Notice a lot more banks in your neighborhood? There's a reason: 488 new bank branches opened in Chicago last year, more than anywhere else in the country. The Wall Street Journal has a story today on the backlash against bank branch proliferation, and, coincidentally, Tribune architecture critic Blair Kamin bemoans the plague of bland bank design, with an accompanying slideshow.

Young Feminists

If you've considered attending the Young Feminist Bookclub at Women & Children First but haven't made it, I've got an incentive. The book choice for March 21st (7:30 pm to 9 pm) is Manifesta: Young Women, Feminism, and the Future. The kicker is that instead of sitting in a circle and just talking about the book with other young feminists, you'll get to talk about this book and their new book Grassroots: A Field Guide for Feminist Activism with the authors themselves. Amy Richards and Jennifer Baumgardner will hang out and discuss feminsm and activism and other cool things. You get 10% off either of these two books if you mention you'll be at the book club, you have a month to read at least one of them, so what are you waiting for?

Get Photographed by Dawn

Those of you in the audience who are planning a wedding this year, take note: Dawn Mikulich, the photographer behind ChicagoUncommon, is now available for photo shoots (not just of weddings, but also portraiture and corporate events) through Dawn M Photography.

Gates Photography Copyright Issues

Poor New York was feeling left out of the whole trademarking of public art debate. So, thanks to The Gates, it seems Chicago isn't the only city having copyright issues with photography of its public art. Jeanne-Claude and Christo tell Newsday photographers in no uncertain terms that pictures of The Gates are trademarked and cannot be sold.

Douglas P. King

As the caretaker to two cats, I'm quite alright when you write about cats on your site. Last night though, it broke my heart a little (as it has in recent months with fellow friends with felines) to read about the passing of Douglas P. King, the friend, feline and companion to Chicago designer Patric King (infamous in recent months for the Gawker Empire's spread). Start here and read back and forth.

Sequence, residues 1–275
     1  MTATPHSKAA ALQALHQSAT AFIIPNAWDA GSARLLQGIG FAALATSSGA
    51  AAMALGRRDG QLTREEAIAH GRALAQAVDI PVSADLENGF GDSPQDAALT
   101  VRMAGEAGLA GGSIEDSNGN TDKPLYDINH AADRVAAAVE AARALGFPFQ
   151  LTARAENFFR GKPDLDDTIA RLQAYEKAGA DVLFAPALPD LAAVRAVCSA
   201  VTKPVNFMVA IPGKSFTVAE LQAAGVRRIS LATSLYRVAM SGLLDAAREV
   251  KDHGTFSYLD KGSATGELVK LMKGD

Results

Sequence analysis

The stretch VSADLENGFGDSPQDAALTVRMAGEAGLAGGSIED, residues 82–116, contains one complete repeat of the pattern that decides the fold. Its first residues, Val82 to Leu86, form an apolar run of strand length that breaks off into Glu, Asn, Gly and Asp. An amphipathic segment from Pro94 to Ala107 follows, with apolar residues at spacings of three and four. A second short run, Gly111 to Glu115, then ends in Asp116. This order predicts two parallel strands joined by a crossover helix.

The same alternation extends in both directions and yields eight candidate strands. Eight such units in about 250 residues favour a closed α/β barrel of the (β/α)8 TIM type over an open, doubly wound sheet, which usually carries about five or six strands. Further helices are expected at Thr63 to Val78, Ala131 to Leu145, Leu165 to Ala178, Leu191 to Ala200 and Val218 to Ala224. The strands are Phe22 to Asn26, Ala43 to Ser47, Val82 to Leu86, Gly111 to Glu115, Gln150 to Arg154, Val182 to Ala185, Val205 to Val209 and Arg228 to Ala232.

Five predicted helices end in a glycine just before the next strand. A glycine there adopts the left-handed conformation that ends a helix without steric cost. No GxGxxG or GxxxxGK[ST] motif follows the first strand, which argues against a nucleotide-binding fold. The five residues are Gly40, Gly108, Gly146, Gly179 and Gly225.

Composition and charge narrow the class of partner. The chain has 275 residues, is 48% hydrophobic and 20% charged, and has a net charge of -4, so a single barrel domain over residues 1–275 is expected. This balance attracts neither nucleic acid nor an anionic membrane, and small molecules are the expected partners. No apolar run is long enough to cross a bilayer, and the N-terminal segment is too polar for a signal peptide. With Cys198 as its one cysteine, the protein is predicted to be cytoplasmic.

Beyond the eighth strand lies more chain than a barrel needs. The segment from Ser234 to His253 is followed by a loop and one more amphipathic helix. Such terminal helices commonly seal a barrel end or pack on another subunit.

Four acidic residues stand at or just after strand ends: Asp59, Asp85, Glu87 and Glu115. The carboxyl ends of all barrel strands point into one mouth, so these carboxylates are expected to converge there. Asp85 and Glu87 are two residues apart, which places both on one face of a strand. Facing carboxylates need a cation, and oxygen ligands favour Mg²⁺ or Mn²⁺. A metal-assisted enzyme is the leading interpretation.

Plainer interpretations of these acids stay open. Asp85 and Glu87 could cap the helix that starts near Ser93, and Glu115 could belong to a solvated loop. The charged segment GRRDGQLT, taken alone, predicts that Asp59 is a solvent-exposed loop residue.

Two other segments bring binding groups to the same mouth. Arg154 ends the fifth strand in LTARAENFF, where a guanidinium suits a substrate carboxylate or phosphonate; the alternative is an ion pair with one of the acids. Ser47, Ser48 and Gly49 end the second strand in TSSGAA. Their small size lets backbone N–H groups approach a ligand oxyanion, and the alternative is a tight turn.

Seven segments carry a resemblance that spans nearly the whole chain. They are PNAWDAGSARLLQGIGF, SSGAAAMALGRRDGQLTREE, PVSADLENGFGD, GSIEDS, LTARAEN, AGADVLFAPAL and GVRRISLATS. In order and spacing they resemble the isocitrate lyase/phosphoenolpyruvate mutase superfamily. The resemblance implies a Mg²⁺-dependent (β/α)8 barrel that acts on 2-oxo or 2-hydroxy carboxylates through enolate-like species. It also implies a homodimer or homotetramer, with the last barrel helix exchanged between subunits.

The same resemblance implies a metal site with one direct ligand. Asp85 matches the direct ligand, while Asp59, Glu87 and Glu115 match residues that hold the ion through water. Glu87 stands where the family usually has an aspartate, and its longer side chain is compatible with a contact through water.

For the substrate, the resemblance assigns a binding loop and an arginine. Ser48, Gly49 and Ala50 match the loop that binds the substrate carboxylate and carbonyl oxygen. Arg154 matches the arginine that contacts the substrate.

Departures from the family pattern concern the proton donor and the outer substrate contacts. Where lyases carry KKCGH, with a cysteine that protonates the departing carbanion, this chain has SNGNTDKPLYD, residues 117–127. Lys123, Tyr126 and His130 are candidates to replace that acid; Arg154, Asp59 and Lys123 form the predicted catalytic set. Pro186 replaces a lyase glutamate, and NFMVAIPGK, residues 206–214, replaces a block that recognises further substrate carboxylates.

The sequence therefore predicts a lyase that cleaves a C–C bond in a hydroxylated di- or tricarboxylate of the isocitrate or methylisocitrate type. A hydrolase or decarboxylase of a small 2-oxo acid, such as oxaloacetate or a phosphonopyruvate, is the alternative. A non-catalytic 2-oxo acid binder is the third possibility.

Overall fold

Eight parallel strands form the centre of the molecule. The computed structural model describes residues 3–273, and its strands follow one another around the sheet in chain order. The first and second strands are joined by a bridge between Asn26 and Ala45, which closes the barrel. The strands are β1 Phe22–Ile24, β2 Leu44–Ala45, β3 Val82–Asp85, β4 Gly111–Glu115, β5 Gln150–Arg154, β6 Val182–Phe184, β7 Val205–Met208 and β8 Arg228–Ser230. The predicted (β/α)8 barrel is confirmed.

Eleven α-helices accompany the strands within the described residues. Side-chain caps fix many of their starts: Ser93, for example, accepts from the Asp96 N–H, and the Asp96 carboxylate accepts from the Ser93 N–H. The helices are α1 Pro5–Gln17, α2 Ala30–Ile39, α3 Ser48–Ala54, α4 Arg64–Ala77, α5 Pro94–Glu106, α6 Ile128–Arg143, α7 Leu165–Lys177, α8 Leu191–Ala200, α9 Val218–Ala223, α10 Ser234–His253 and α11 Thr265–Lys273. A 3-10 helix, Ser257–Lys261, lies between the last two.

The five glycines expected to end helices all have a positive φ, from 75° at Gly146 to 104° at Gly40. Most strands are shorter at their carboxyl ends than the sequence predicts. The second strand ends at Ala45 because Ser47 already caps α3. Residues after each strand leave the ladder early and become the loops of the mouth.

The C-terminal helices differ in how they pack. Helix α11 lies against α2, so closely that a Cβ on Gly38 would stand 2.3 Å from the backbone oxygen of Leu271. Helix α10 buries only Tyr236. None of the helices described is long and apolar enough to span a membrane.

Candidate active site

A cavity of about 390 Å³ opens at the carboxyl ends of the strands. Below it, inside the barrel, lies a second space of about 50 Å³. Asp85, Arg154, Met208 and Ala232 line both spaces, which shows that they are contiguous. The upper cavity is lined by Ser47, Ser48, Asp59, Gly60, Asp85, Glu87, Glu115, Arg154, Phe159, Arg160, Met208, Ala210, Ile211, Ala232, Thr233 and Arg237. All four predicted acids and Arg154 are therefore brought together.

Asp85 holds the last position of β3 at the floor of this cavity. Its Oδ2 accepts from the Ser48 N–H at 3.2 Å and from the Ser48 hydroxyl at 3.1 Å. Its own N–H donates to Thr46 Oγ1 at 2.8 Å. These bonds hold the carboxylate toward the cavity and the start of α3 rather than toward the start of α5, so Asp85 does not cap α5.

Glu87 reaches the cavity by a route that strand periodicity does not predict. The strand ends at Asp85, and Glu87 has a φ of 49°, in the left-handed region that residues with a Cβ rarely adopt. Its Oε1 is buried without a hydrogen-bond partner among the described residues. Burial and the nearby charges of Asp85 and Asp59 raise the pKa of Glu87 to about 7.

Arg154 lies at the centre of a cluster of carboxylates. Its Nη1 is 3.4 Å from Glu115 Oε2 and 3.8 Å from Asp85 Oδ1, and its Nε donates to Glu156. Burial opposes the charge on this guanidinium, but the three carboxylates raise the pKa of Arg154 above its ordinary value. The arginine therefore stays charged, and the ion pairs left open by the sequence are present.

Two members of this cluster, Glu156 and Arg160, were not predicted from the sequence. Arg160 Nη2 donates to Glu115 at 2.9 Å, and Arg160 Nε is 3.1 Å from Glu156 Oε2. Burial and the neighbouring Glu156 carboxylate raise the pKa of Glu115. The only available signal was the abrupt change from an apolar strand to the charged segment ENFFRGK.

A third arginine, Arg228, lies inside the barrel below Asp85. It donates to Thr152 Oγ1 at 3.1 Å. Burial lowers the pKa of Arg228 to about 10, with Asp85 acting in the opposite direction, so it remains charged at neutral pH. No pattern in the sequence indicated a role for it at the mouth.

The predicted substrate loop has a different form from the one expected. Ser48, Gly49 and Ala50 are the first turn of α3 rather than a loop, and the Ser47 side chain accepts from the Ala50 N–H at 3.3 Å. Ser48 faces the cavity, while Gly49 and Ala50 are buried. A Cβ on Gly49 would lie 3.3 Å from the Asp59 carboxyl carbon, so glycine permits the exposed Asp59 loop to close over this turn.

Looped

Tonight, Andrew Winston will make an appearance at 57th St. Books, 1301 E. 57th St., to read from his debut novel Looped. From the website: "Looped tells the separate stories of a diverse group of Chicagoans - black, brown, and white, gay, straight, and bi - as their lives unfold in diverging and (occasionally) converging ways over the course of the year 2000." The book is getting some good press, so I'd head out early to the 7pm event to get good seats.

Your daily Jessica Simpson update

Jessica Simpson was in town for an Oprah taping, when she felt sick (or "dehydrated," as the report says). She was taken to the hospital, treated and released. And... well, that's about it. Except to say: JESSICA + NICK 4 EVA!!! W000000!!!!!!!!!11

Schakowsky and Social Security

If you're ready to make your voice heard, just want to talk to your Congresswoman face-to-face, or want to see what your neighbors have to say about the proposed changes to Social Security, now's your chance. Congresswoman Jan Schakowsky is returning home, and several town hall-style meetings have been organized, thanks to MoveOn.org and folks like you. Find a meeting near you in the coming week (starting tonight), and make sure you get your $.02 in about where your $.02 should go.

Republiteens Blog

"It's morning again in America!" That's the slogan of the new ReaganReview, a new conservative weblog run by teens 18 and under -- well, other than the state senator and state representative who contribute columns.

Cereality store closer to reality

As mentioned previously on GB, Cereality Cereal Bar & Cafe is planning to open a location in Chicago, where customers can enjoy 30 kinds of cereal and 30 toppings. The AP reports that Cereality has found a location for its store: 100 South Wacker at Monroe. The cafe's opening in the late spring, according to Cereality. Also reported: the Cereality company HQ will be moving to Chicago from Boulder, CO.

More Canine Puns

The Chicago Park District is developing another dog park, this time at the south end of Grant Park. The "Grant Bark Park" is being touted as "the best in show for dog parks." Here's a map of what it'll look like.

More Ibsen for all!

The Neofuturists' current prime-time show, The Last Two Minutes of the Complete Works of Henrik Ibsen, has been extended two more weeks. It's running Thursday, Friday and Saturday evenings at the Neo-Futurarium through March 19, and it's really funny and entertaining. You should go see it. (No knowledge of Ibsen is required to enjoy the show.) See the Neo-Futurist site for full details and to purchase tickets.

Essence of ball

After claiming that they were going to turn the dreaded Steve Bartman baseball into a "curse ending" spaghetti sauce, Harry Caray's restaurant started serving "Foul Ball Spaghetti" yesterday. Instead of including actual pieces of the baseball, the restaurant boiled bits of the ball with water, Budwiser (Harry's beer of choice), vodka and herbs, and put the liquid (without the ball) into the sauce. So you don't actually get to eat bits of the baseball, but instead you get "the essence of the ball". Uh huh.

Hemon in the New Yorker

Local auothor Aleksandar Hemon has a short story titled "The Conductor" in the new issue of the New Yorker. Hemon teaches writing in the Masters of Creative Writing program at Northwestern University and is the author of the critically acclaimed novel, Nowhere Man, and a collection of short stories, The Question of Bruno.

Real-Time Pace Bus Times